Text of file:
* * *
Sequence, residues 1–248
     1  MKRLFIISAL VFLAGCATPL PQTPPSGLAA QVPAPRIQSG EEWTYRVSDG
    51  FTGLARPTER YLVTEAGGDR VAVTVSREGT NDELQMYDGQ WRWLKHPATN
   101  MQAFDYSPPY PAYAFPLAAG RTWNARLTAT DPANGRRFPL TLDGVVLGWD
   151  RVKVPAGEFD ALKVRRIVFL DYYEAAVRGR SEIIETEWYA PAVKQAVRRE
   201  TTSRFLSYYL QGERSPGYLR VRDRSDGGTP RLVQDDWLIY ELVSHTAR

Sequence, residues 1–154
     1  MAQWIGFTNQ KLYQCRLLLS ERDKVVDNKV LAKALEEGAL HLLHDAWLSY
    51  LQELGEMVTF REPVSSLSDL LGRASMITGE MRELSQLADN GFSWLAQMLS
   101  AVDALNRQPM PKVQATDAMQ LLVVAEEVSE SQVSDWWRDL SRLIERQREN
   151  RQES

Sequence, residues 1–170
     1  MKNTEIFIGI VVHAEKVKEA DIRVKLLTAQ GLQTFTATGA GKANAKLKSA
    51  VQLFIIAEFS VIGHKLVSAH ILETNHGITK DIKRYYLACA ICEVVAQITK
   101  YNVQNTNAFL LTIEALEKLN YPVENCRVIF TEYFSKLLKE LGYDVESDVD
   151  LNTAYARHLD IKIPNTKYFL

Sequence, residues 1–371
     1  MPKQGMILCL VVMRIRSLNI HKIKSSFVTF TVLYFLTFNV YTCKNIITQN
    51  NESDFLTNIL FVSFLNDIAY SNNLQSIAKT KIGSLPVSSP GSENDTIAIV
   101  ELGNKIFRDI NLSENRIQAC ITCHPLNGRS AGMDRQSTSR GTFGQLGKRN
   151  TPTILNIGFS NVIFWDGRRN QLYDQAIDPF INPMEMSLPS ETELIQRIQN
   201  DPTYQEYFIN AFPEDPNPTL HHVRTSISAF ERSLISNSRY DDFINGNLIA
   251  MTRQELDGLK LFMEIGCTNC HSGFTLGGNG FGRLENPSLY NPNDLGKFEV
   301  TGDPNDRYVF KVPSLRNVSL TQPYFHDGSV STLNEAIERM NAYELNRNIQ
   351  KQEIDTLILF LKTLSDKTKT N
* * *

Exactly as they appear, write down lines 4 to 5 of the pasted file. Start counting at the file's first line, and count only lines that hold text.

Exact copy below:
   101  MQAFDYSPPY PAYAFPLAAG RTWNARLTAT DPANGRRFPL TLDGVVLGWD
   151  RVKVPAGEFD ALKVRRIVFL DYYEAAVRGR SEIIETEWYA PAVKQAVRRE